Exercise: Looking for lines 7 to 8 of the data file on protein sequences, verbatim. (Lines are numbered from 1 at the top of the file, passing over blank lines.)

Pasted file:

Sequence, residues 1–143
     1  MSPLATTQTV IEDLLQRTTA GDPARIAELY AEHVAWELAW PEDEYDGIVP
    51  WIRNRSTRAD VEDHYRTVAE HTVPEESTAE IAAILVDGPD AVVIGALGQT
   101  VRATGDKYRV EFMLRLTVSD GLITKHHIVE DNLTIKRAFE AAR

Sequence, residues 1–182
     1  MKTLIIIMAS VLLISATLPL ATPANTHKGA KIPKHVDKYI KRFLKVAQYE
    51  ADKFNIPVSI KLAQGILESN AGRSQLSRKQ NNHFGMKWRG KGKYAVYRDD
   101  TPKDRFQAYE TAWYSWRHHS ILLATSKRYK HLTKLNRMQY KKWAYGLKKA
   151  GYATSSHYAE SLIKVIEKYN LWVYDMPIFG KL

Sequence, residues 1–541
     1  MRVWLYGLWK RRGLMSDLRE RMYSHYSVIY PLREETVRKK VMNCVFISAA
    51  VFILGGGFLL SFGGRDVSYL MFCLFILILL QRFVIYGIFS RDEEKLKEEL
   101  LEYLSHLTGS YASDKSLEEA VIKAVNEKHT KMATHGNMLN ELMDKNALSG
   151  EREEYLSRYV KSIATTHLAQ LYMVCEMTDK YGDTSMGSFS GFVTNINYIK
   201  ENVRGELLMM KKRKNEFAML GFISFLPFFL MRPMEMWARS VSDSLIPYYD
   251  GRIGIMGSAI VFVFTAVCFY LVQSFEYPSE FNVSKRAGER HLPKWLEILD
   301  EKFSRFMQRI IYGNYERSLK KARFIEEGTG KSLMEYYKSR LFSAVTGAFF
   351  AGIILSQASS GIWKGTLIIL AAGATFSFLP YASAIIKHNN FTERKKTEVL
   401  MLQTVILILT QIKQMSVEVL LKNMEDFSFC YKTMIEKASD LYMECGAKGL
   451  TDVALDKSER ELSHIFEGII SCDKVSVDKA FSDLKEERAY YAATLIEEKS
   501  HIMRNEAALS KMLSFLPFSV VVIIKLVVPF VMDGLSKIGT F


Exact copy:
    51  ADKFNIPVSI KLAQGILESN AGRSQLSRKQ NNHFGMKWRG KGKYAVYRDD
   101  TPKDRFQAYE TAWYSWRHHS ILLATSKRYK HLTKLNRMQY KKWAYGLKKA